Today’s Triangle Shirtwaist Sweatshops

April 15, 2011 | CUNY Lecture Series, Graduate Center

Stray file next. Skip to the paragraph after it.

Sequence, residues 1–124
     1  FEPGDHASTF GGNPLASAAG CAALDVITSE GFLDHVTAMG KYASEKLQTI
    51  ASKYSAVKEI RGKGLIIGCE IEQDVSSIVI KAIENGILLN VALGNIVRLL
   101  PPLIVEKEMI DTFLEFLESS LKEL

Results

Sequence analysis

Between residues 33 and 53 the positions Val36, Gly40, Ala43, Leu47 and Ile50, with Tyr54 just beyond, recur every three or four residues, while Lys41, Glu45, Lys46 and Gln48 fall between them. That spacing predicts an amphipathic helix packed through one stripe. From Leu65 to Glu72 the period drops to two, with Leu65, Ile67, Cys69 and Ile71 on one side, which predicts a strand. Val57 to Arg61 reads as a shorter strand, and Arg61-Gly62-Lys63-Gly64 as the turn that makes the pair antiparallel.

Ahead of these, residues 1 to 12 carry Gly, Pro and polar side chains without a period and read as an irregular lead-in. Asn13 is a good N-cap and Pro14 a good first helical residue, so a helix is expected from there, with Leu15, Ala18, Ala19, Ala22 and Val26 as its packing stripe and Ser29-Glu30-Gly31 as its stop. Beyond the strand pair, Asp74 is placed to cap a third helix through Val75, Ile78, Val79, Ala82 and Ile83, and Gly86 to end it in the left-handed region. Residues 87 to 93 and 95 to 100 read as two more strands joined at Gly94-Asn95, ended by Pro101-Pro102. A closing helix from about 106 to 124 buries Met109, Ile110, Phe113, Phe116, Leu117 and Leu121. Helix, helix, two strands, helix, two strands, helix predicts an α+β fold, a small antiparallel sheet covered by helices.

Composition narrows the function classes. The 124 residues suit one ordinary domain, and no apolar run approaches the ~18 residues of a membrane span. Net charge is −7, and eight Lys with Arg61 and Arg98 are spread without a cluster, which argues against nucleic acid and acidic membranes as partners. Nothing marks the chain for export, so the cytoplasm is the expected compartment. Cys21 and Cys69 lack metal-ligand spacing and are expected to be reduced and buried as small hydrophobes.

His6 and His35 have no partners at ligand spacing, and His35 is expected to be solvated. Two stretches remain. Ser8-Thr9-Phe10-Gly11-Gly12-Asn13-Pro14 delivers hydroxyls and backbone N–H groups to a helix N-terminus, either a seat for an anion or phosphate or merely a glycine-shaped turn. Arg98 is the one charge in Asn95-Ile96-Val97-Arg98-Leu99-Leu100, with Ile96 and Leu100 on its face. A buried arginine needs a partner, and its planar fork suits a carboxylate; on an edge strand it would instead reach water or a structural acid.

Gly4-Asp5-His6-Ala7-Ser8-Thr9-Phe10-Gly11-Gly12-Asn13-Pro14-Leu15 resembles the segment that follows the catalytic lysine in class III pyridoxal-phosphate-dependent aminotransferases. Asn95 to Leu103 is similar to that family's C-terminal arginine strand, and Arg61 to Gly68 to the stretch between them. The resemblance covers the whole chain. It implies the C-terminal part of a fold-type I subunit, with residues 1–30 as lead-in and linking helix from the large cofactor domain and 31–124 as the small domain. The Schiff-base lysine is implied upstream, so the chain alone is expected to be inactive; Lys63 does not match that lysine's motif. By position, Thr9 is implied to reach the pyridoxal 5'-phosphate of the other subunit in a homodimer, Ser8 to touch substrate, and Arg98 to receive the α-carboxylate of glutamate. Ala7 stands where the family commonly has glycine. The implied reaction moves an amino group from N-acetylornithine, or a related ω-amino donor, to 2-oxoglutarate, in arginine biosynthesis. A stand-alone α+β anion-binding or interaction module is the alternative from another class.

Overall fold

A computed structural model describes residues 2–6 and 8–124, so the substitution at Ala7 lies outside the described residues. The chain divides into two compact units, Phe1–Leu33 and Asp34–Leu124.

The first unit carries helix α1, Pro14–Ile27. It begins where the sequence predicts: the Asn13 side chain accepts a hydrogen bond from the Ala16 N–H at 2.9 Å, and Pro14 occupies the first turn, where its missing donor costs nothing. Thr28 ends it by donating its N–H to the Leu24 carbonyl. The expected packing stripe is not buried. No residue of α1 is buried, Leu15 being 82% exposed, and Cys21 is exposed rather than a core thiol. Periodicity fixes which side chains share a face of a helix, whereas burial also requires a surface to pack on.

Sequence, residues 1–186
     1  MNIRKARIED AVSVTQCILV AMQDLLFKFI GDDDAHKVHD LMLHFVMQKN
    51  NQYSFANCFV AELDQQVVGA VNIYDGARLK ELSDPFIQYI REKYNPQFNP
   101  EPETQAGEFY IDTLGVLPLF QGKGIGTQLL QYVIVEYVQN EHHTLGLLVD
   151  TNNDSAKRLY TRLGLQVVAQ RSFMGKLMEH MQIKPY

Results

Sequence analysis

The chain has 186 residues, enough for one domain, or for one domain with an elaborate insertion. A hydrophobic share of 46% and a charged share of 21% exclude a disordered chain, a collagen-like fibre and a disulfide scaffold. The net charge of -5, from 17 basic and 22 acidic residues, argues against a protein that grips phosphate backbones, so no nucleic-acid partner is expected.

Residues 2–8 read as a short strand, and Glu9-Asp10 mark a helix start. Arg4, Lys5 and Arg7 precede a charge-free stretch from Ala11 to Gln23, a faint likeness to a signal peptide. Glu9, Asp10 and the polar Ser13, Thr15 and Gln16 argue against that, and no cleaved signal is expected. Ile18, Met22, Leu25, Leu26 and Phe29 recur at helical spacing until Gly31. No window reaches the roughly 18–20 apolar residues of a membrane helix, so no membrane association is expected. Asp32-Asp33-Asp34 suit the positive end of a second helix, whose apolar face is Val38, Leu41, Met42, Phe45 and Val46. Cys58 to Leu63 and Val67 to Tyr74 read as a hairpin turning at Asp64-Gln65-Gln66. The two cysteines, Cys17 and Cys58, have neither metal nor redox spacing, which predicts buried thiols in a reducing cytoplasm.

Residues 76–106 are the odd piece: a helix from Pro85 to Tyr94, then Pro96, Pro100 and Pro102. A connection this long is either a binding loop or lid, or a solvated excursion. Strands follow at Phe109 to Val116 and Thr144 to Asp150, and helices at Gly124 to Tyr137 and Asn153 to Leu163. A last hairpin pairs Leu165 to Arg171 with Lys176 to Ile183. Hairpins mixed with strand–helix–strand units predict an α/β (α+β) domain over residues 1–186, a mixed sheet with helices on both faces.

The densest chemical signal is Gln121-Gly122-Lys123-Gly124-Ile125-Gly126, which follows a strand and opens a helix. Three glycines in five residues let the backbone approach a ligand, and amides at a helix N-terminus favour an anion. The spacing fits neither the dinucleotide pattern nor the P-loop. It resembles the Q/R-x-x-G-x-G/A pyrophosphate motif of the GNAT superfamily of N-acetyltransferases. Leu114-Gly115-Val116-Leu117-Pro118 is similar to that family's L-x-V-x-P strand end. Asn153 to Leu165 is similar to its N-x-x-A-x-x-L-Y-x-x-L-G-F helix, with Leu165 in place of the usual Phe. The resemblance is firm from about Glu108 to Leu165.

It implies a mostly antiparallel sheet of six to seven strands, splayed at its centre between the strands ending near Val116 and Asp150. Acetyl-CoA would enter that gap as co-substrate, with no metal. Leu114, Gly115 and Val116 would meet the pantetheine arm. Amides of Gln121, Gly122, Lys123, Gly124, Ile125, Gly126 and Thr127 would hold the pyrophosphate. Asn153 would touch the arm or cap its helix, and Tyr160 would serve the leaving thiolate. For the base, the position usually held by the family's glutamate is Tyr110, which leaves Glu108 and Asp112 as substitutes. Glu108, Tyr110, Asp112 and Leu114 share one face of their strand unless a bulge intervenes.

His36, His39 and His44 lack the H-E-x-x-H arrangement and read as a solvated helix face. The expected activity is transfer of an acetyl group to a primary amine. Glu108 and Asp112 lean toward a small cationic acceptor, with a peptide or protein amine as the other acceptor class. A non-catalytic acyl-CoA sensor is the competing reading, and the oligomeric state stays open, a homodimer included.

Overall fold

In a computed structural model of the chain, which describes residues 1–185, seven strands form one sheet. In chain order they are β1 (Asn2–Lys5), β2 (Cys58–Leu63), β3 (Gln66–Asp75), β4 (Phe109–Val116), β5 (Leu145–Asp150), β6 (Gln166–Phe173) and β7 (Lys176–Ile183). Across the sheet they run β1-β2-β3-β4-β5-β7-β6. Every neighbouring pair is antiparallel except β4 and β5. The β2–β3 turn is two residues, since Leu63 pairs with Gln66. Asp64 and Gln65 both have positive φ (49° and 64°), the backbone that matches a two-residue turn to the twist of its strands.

On March 25, 1911, a fire engulfed the Triangle Waist Company, a fabric factory in Greenwich Village, killing 146 workers, mostly young Jewish and Italian women, nearly half still in their teens. It was the deadliest industrial disaster in the history of New York City. The catastrophe, and the working conditions it revealed, inflamed public opinion leading to a reform in conditions. As part of day-long conference, marking the one hundredth anniversary of the tragedy, Annelise Orleck, history professor at Dartmouth College, called attention to the safety and health concerns of today’s workers. “There are people in Bangladesh garment shops, and sweatshops in Los Angeles, making clothes under the same conditions as those 100 years ago,” says Orleck, who was part of a panel sponsored by the Gotham Center for New York City History. “As we talk about Triangle, and the humanity of these young women and men who died, let’s try to take that outrage and apply it to the present day, because we need it.”
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